To support this contention,recently unveiled an ocean shipper survey to gain some understanding of their business challenges and appetite for digital transformation. Among the key findings was that the great majority of respondents felt that information technology (IT) innovation initiatives that focused on process automation and digitalization were well under way.
At the same time, shippers may have to come to terms with a paradox. Nearly half of the respondents said that they lacked IT resources “in-house.” Another 42% said they were challenged by their company’s “lack of prioritization,” and 40% cited budget constraints.
Cathy Morrow Roberson, president of the research firm , observes that the survey was consistent with news she’s hearing in the marketplace.
“There’s quite a few automation and digitization projects underway, and I expect the number of these efforts will continue to grow,” she says. “I further believe that the current challenges that the ocean freight market faces will subside with the completion of these projects.”
However, she allows, prioritization, budget and the right talent are all important in order to realize automation and digitization goals. “Having a strategy that includes measurable efficiency gains and cost savings will be necessary when sharing with the C-level,” she adds.
Given the complexity of today’s global ocean cargo networks, a new era of digitized transparency cannot come too soon, posits a new report by . The report titled “Digital Imperative in Container Shipping” notes that a new sense of urgency is largely driven by the emergence of well-financed startups ready to challenge ocean cargo stalwarts with innovative digital solutions.
According to BCG, is chief among the leaders in introducing online booking, pricing, empty containers and autonomous shipping. And looming in the wings, as always, is the massive Internet retailer, Amazon.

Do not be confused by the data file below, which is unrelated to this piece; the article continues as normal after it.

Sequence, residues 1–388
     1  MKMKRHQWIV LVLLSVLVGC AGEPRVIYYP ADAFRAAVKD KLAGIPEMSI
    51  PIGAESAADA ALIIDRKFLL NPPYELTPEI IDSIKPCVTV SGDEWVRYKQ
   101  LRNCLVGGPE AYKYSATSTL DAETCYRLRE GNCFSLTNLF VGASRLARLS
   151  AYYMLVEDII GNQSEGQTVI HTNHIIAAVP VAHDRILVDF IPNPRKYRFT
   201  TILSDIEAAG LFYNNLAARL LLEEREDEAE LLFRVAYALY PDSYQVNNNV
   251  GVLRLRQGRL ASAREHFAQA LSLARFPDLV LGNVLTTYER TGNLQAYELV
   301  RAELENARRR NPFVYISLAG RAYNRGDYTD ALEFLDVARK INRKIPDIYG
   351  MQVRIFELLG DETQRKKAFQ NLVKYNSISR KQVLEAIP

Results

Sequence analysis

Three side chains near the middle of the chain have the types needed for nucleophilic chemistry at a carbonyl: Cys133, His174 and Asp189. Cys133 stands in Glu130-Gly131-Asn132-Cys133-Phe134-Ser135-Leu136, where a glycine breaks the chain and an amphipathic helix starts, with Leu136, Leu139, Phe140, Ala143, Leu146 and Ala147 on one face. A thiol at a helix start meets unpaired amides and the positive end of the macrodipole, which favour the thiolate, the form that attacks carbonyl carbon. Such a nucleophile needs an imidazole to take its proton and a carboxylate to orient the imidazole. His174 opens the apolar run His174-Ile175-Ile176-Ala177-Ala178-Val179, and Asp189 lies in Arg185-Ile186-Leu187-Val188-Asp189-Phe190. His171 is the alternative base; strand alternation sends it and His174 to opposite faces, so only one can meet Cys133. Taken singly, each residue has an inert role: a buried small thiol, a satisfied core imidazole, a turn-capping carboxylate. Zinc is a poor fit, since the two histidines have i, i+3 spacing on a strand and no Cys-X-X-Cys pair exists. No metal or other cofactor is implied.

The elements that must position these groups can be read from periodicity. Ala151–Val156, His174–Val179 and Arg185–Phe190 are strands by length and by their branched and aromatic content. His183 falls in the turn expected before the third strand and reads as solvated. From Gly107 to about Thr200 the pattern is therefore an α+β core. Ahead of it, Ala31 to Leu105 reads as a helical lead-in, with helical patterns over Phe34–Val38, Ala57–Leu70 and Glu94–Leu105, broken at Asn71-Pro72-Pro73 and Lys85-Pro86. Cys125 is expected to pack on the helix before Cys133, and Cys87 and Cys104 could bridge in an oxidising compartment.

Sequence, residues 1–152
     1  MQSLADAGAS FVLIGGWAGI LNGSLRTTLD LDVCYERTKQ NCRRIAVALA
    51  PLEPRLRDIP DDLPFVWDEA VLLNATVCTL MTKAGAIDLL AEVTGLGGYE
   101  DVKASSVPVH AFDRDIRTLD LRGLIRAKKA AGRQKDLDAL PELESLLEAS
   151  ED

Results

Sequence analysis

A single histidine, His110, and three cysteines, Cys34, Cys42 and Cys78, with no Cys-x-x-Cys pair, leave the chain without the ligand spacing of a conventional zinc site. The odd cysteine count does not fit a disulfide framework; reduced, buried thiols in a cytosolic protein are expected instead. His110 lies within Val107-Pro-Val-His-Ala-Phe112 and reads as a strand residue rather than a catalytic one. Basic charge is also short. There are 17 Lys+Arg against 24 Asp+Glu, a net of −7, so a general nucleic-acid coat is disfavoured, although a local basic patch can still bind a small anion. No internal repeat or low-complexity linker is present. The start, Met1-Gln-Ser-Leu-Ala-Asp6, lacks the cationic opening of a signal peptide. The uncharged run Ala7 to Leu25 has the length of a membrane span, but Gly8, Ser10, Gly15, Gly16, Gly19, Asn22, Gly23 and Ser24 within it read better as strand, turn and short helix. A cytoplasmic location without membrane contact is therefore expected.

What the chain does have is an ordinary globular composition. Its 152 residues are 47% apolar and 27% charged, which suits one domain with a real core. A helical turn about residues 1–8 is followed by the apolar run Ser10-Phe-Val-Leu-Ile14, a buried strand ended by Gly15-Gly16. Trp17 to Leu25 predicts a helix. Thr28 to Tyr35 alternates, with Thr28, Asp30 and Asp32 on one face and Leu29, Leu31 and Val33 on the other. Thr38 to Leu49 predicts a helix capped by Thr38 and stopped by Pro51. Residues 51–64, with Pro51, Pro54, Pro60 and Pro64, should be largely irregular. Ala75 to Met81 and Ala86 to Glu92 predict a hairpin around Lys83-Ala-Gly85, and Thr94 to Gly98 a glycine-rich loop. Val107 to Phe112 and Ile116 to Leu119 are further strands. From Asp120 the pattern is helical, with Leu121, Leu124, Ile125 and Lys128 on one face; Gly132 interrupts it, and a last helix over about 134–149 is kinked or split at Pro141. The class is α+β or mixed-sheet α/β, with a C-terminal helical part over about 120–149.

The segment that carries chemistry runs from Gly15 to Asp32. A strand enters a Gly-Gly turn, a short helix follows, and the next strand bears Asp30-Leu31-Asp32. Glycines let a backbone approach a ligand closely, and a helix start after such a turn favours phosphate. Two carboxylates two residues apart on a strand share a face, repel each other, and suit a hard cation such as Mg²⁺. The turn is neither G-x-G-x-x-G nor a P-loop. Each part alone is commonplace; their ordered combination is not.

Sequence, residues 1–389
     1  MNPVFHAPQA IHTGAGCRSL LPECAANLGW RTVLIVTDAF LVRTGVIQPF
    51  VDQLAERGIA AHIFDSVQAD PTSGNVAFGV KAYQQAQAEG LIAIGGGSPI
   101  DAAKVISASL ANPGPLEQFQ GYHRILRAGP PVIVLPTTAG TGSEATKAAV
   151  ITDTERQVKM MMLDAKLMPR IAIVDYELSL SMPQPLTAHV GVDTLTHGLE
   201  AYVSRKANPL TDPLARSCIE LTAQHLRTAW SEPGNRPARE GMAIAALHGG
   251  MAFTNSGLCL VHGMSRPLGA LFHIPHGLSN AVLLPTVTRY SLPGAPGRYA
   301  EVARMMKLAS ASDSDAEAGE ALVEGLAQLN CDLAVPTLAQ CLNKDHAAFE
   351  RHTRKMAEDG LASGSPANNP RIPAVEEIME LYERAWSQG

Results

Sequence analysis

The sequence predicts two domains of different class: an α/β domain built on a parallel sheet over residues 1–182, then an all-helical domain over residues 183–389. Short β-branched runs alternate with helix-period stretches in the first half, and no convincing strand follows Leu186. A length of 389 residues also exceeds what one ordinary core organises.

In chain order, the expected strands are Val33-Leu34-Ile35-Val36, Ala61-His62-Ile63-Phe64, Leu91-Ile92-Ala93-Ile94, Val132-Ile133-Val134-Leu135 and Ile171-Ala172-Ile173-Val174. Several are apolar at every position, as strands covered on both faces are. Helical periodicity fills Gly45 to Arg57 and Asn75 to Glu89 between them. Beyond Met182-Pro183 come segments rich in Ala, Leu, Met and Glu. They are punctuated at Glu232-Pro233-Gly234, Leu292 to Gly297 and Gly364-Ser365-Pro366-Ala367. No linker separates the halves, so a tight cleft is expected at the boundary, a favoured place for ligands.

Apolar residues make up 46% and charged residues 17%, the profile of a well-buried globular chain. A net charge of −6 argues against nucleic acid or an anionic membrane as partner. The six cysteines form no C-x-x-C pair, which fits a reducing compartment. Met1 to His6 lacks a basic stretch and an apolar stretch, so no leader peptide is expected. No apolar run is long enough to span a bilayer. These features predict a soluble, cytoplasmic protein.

As BCG researchers point out in the report, if a handful of other upstart models succeed, traditional ocean carriers run the risk of losing direct contact with some of their most profitable customers. Most likely to abandon ship are small and midsize freight forwarders and beneficial cargo owners (BCOs). “In this scenario, the carrier’s role could be reduced to providing commoditized ocean freight services,” the report concludes.
However, the world’s largest ocean carrier, Maersk Line, is not standing still. Last January, A.P. Moller-Maersk took steps to help overhaul global trade by unveiling a joint venture with IBM to create an industry-wide, paperless platform that’s aimed at speeding up trade transactions, boosting transparency for supply chain managers and potentially saving them billions of dollars.
“The future of the whole supply chain needs to be discussed at the highest levels,” says , president for Maersk Line North America. “Our competitiveness needs to come under a magnifying glass so the whole industry and authorities can address new ways of narrowing the ever-increasing gap with imports and update itself in the face of digital disruption.” •
About the AuthorPatrick Burnson, Executive Editor Patrick Burnson is executive editor for Logistics Management and Supply Chain Management Review magazines and web sites. Patrick is a widely-published writer and editor who has spent most of his career covering international trade, global logistics, and supply chain management. He lives and works in San Francisco, providing readers with a Pacific Rim perspective on industry trends and forecasts. You can reach him directly at